France's far-right Front National leader Marine Le Pen at a news conference in Nanterre, near Paris, March 22, 2015

commentary

(War on the Rocks)

March 25, 2015

The Front National and the Future of French Foreign Policy

France's far-right Front National leader Marine Le Pen at a news conference in Nanterre, near Paris, March 22, 2015

Photo by Gonzalo Fuentes/Reuters

by Stephanie Pezard

Sunday's elections gave the French extreme-right party Front National the highest percentage of votes it ever achieved in a local election. With 26 percent of the votes, the Front National confirms that it is in the ascendant and its leader, Marine le Pen, stands well-positioned as a strong contender in France's presidential elections in 2017. Should this be of concern mostly to the French, or do the Front National's current and, possibly, future successes have implications for France's partners and allies in Europe and beyond?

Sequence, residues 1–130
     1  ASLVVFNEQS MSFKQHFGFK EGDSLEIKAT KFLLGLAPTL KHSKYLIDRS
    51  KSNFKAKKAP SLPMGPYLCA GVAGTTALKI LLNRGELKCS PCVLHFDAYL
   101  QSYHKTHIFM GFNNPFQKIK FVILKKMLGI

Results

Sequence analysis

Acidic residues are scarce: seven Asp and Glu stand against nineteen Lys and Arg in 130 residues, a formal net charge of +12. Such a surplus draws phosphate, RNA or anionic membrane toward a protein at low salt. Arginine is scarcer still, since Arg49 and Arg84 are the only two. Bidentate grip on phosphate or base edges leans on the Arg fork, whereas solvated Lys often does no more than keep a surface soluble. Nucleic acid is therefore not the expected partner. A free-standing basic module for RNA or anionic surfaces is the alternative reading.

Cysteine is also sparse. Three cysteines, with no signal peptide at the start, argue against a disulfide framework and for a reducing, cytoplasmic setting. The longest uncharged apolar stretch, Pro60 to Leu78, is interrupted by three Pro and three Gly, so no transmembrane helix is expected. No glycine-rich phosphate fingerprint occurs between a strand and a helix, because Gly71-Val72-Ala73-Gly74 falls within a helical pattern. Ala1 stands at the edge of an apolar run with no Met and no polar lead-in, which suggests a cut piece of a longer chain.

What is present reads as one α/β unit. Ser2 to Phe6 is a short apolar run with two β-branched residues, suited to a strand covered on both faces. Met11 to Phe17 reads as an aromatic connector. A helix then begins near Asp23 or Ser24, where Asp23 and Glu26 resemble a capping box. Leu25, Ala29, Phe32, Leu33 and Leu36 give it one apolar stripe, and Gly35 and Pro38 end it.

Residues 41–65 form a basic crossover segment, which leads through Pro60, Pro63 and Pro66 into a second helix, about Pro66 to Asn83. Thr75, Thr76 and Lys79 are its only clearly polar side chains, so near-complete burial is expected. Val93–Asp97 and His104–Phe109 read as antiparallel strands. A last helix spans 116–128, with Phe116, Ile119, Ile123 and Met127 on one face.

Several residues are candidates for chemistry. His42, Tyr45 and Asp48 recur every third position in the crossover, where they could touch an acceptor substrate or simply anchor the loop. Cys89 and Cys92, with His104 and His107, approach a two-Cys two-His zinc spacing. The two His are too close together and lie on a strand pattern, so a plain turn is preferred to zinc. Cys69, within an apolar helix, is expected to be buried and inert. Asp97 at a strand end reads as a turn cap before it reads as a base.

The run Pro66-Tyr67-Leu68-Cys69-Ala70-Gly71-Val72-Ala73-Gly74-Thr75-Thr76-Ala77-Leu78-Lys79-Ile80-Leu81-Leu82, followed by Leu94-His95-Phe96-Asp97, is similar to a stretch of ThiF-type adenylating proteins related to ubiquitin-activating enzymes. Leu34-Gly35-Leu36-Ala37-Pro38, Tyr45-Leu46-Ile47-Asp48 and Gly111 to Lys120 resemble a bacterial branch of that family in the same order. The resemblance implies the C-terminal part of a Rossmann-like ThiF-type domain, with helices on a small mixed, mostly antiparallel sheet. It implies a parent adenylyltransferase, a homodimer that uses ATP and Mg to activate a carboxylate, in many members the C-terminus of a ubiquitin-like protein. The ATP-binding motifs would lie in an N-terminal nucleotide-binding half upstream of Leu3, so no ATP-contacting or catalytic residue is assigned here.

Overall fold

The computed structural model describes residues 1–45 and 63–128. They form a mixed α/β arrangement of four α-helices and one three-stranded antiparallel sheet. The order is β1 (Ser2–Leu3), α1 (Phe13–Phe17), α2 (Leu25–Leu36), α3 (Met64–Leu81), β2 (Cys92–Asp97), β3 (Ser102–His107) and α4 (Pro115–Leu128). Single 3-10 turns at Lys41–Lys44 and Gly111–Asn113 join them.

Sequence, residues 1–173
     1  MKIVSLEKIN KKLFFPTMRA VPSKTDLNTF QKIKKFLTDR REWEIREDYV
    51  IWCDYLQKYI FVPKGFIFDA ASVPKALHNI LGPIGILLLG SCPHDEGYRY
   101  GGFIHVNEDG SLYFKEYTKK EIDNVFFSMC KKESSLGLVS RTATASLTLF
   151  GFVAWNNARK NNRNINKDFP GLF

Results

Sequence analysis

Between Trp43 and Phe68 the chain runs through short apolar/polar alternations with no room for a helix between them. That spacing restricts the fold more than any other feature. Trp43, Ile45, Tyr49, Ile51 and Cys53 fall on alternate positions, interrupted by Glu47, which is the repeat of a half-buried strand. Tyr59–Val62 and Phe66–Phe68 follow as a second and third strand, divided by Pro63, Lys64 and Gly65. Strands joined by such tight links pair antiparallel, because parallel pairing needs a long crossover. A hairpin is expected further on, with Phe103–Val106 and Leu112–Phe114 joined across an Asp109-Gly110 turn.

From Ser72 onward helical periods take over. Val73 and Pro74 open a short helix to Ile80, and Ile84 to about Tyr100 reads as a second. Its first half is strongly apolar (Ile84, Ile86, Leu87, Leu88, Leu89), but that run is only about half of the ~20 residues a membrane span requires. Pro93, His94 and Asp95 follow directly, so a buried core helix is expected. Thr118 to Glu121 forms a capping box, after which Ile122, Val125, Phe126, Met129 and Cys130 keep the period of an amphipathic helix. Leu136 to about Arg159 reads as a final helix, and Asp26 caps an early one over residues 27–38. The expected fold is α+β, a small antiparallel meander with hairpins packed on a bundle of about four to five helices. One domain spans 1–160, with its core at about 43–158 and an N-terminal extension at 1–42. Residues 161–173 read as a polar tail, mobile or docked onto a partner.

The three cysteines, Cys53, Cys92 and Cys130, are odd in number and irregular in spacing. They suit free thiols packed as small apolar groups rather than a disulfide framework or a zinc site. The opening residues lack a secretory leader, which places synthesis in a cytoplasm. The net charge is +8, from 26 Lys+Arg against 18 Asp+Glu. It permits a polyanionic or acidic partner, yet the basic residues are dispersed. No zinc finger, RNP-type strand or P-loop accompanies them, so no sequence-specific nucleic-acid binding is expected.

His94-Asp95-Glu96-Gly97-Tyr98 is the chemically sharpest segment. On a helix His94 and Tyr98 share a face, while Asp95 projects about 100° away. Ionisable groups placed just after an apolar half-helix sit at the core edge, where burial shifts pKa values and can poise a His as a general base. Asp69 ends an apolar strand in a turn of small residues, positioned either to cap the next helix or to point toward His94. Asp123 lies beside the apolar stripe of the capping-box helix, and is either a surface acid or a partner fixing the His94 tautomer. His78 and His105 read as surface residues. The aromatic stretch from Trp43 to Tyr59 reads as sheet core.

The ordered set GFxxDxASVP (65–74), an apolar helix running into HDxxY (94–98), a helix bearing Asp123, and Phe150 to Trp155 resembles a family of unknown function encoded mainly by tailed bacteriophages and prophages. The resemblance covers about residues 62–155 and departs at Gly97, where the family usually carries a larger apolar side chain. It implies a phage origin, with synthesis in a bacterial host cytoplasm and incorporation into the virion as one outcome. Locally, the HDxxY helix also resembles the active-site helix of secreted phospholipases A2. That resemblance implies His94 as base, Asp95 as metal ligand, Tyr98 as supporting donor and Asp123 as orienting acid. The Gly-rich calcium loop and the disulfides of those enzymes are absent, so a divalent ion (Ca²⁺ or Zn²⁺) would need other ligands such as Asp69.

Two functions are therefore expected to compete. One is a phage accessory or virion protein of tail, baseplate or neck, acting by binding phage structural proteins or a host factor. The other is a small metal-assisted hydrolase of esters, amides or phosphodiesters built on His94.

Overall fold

Less than two weeks after the deadly attacks in Paris against the satirical magazine Charlie Hebdo and a kosher supermarket, Marine le Pen, the leader of the Front National, enumerated in an op-ed in The New York Times a few of her party's pet peeves: the Schengen Agreement that opened up borders within the European Union, French immigration policies, and her country's “serious geopolitical incoherence” due to misguided foreign interventions and the influence of foreign countries such as Qatar and Saudi Arabia on French policy.

The remainder of this commentary is available at warontherocks.com.


Stephanie Pezard is a political scientist at the RAND Corporation.

This commentary originally appeared on War on the Rocks on March 25, 2015. Commentary gives RAND researchers a platform to convey insights based on their professional expertise and often on their peer-reviewed research and analysis.